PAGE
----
Homeless in Vancouver: Let’s be honest about the city's new cigarette butt recycling program

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      Never mind second-hand cigarette smoke, Vancouver’s poorest smokers care about finding second-hand tobacco, in the form of cigarette butts. Now those poor nic-heads doing their butt runs downtown have a potentially new obstacle or opportunity, thanks to the City of Vancouver’s pilot program to recycle cigarette butts.

      Yesterday, the Cigarette Waste Brigade pilot project began with the installation of 110 recycling receptacles in four areas of the downtown business district. These will naturally be the areas identified as being commonly littered with the most butts—and, they will, just as naturally, be well-known hot spots for people looking for butts for the tobacco. Now some or all of that potential bounty will be in locked, steel receptacles—bad for the casual seeker, but good for the hardcore picker who’s “handy” with locked boxes: “Thanks for keeping our butts dry, suckas!”

      Really though, if this pilot project is considered successful, and expands throughout Vancouver, it will hit directly at one of the prerogatives of the very poor—to extract some value for themselves from the garbage people throw away. If it happens—if cigarette butts largely disappear from the streets of Vancouver—under the guise of litter prevention—it will happen at the expense of the very poor, but to the profit of the city and its business partner TerraCycle. Many of us won’t be surprised; it’s what’s already happening with returnable beverage containers.

      Too valuable to be left to the poor

      As long as recycling was seen as only marginally profitable, then bottles and cans could be left to the very poor and the homeless. Now that recycling is finally maturing as a business model and promising predictable, steady revenue streams, it’s being forcibly taken away from the very poor by the not-poor and the downright wealthy.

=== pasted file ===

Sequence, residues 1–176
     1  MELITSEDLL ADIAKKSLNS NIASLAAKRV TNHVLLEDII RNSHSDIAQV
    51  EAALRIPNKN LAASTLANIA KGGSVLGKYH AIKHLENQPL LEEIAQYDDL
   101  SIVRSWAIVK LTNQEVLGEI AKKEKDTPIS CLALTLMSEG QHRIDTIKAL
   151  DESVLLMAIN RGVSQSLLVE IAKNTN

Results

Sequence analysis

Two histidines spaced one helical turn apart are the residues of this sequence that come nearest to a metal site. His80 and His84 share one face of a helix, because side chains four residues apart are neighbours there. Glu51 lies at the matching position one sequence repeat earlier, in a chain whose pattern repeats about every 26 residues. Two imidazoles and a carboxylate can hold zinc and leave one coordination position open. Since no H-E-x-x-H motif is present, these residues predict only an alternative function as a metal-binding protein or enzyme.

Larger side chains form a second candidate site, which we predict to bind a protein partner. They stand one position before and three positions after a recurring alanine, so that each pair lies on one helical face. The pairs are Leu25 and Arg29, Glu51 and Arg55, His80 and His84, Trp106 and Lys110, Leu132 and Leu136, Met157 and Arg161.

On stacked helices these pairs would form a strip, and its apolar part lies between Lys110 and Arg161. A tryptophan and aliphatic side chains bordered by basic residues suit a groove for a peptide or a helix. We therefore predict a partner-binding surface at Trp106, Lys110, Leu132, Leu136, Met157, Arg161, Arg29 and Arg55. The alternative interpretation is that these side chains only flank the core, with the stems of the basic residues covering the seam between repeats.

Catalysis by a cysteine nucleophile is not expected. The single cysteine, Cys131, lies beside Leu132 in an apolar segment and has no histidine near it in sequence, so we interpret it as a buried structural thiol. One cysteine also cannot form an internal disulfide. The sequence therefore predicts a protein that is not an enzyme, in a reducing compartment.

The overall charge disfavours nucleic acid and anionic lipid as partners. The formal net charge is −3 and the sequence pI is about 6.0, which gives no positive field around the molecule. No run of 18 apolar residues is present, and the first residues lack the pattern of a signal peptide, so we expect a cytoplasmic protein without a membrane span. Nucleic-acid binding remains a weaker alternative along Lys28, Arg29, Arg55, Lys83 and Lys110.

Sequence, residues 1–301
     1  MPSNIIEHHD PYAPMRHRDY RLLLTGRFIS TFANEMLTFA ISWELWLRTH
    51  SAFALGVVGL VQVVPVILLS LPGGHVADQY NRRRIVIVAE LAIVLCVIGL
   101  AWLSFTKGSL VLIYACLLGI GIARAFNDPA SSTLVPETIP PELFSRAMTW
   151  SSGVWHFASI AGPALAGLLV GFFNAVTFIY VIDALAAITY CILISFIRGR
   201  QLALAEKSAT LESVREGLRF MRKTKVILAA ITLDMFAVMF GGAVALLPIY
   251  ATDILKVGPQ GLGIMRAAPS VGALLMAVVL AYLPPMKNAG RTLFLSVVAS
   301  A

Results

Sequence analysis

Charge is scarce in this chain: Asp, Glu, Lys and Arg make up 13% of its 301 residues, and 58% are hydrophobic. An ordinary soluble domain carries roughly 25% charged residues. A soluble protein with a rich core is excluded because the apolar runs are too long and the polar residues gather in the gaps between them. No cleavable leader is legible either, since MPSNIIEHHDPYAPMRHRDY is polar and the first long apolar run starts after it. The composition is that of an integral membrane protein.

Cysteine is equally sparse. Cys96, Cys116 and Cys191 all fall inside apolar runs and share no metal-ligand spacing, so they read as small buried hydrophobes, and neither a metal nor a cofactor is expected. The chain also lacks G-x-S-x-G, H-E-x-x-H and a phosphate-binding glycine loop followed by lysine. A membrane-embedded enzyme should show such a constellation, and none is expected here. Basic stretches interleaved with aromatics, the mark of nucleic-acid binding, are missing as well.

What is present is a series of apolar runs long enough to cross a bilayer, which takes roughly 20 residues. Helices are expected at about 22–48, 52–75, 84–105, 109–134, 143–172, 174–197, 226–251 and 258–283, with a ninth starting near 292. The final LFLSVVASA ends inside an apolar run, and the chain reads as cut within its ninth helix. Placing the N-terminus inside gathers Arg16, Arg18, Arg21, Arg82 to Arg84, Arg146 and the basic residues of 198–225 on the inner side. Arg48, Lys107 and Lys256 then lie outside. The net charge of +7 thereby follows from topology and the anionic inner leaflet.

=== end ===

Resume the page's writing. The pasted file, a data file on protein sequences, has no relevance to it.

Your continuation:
I’m referring to car binners, building managements, and big business. In the case of returnable bottles, everyone wants in on that cash cow. There is no longer any social stigma in collecting bottles and cans. Why not take the Blazer out on the night before recycling collection and load up? If “Joe Sixpack” doesn’t get it then dirty old “Joe Rubbing Alcohol” will, and just blow the money on drugs, right? And on up the food chain. Many large apartments and condos sell their returnables to commercial bottle pickup companies for a percentage.

      At the top, the B.C. government’s newest private industry stewardship group, Multi-Material BC (MMBC) is, by provincial law supposed to take over as the de facto head of all recycling in British Columbia, thus taking away any revenue streams recycling provided—or could provide—from the municipalities who actually pioneered the systems which have helped make recycling look attractive to private industry. The municipalities are supposed to collect the recycling for MMBC as contractors.

      The municipalities, like Vancouver, don’t like it one bit. I feel their pain, or they feel mine. Recycling is too lucrative now for big business to leave it to the cites, just like returnables can’t be left to homeless binners. And now they want to take away cigarette butts. And make no mistake—you may think it’s about littering—but it’s about money also.

      Stanley Q. Woodvine is a homeless resident of Vancouver who has worked in the past as an illustrator, graphic designer, and writer.




      Nov 13, 2013 at 3:14pm

      Only in Vancouver could discarding half a cig onto the sidewalk be considered charity. Don't worry dudes, there will be PLENTY of people still littering.

      John Merzetti

      Nov 13, 2013 at 11:53pm

      It is unfortunate that the group of volunteers in the West End Cleanup (http://www.westendcleanup.com @westendcleanup) were not invited to participate in this event.